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Moths

Moths and descriptions for Sportsman Creek Conservation Area

“Adult moths have fawn forewings with a dark brown line across each one and  have a dark brown dot near the base of the inner margin. The hindwings are orange with a submarginal arc of dark brown dots, a dark brown patch at the base and a dark brown line across each wing. Underneath each forewing has a purple blotch.”  The caterpillars are looper type and are known to feed on Gum trees. A new find on the Conservation Area. Found in New South Wales, Queensland and South Australia.       

I.D. and reference courtesy of Don Herbison-Evans and Stella Crossley.

Further reference; http://lepidoptera.butterflyhouse.com.au/chro/henric.html  Beautiful Leaf Moth

With a wingspan of around 3cm  this brown moth Pantydia metaspila ( no common name) is found in Fiji, Hong Kong, India, Japan, Taiwan, Queensland and now northern New South Wales. “Adult moths are brown, with a thin submarginal line accompanied by some black spots on each forewing.” It also displayed a similar profile to a Wolf Spider.

I.D. courtesy of Don Herbison-Evans

Reference courtesy of  Don Herbison-Evans and Stella Crossley.

Further reading http://lepidoptera.butterflyhouse.com.au/cato/metaspila.html

Circopetes obtusata moth with no common name is found across most states of Australia. The abdomen of the moth is often held twisted to one side. This makes the moth less obvious to predators.The caterpillar is a looper-type.

I.D. courtesy of Don Herbison-Evans.

Further reference – http:lepidoptera.butterflyhouse.com.au/chro/obtusat.html

“The adult moths of this species are varied in their colours, from an earthy grey to rich deep green, with a complex pattern of zigzag lines. The underside is pale brown, with a broad dark marginal band and a dark central spot on each wing”. With a wingspan of 45mm and body length of 25mm the green colours fade rapidly when the moth dies. With no common name, a new find on the wildlife refuge.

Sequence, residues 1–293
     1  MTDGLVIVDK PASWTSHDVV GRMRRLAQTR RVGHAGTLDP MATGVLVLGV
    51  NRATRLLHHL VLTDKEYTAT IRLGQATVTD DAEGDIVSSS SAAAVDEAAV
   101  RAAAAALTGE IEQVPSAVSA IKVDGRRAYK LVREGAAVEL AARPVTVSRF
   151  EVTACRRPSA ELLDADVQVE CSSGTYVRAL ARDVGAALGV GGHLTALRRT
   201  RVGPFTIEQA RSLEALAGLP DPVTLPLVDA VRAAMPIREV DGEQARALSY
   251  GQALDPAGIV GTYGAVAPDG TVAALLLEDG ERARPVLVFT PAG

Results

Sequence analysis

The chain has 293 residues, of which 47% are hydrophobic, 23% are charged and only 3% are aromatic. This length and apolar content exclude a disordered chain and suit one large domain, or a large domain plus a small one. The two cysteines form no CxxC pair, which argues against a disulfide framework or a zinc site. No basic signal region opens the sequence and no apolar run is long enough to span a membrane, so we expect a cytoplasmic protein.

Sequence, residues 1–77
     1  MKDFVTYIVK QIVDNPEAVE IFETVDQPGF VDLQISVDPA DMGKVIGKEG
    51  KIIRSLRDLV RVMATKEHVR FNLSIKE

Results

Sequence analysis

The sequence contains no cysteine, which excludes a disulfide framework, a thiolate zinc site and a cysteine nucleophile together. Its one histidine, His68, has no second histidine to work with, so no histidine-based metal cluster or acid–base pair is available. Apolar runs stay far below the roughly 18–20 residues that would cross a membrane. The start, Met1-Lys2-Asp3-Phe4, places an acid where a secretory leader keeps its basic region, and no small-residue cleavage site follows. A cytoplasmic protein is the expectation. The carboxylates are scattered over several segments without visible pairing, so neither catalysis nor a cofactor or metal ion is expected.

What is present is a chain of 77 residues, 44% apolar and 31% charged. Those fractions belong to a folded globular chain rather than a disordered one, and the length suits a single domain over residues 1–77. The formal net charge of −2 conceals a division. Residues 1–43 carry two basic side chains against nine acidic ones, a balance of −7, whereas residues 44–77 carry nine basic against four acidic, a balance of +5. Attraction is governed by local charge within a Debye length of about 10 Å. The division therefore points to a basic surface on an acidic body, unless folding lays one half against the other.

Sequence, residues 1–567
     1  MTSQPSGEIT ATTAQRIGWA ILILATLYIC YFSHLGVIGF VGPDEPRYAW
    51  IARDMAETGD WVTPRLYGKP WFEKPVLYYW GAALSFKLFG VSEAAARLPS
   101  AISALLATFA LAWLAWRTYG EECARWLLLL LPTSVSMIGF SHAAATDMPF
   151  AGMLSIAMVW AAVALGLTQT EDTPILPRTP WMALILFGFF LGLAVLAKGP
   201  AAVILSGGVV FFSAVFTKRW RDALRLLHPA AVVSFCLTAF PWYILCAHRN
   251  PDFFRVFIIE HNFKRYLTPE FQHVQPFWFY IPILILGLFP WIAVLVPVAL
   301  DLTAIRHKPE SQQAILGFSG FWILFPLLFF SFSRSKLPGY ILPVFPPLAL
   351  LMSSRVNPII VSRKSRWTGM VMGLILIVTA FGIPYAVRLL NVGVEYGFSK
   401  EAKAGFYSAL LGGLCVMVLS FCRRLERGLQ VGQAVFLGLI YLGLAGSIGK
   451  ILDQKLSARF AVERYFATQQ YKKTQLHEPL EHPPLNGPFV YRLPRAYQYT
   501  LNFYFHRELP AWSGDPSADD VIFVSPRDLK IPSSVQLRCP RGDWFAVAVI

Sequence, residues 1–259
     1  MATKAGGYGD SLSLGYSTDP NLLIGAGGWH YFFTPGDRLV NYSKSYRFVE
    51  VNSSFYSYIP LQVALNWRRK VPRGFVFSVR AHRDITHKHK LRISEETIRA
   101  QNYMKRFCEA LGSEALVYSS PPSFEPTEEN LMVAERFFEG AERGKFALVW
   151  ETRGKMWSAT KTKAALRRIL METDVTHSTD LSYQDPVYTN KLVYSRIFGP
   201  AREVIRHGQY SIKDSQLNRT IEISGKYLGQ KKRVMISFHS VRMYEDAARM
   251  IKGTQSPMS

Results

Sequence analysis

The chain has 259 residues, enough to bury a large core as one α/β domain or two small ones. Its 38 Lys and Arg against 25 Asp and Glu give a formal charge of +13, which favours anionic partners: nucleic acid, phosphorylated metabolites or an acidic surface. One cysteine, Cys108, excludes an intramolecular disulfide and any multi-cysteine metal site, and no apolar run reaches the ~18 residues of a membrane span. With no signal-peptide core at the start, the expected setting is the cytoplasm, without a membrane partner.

I.D. courtesy of Don Herbison-Evans.

Reference courtesy of Don Herbison-Evans, Donna Crossley and Peter Marriott.


The caterpillars are an agricultural pest feeding on Oats and Sugarcane. The caterpillars are pale green or yellow, with two black bands behind the thorax. They are missing a pair of ventral prolegs and so move in a looper fashion. They pupate in a twisted leaf.

I.D. and references courtesy of Don Herbison- Evans and Stella Crossley.

Further reading -http:// www.lepidoptera.butterflyhouse.com.au/cato/frugal.html.

This species of moth is believed to feed on She Oak (Allocasuarina) species and comes from a large family of Wooly Bear Moths. Found on the wildlife refuge.

I.D. courtesy of  Chris Hosking.  Interpretive Officer, Australian Museum.

Caterpillars go through three instar stages and the adult moth has a wingspan of up to 7cm. Body is brown and cigar-shaped, the hindwings are red edged with black. A first time sighting for the wildlife refuge. (No Common Name)

This species is found over the Western Pacific, Fiji, New Caledonia and the whole of Australia.

I.D. courtesy of Don-Herbison Evans.

Reference courtesy Don Herbison-Evans and Donna Crossley.

Further reading; http://lepidoptera.butterflyhouse.com.au/sphi/scrofa.html

No Common Name.

Side image of the moth of  the Processionary Caterpillar. The hairs can cause skin rashes in sensitive people.

An unidentified cream and dark brown moth of around 10mm wingspan displaying Face-Mimicry.

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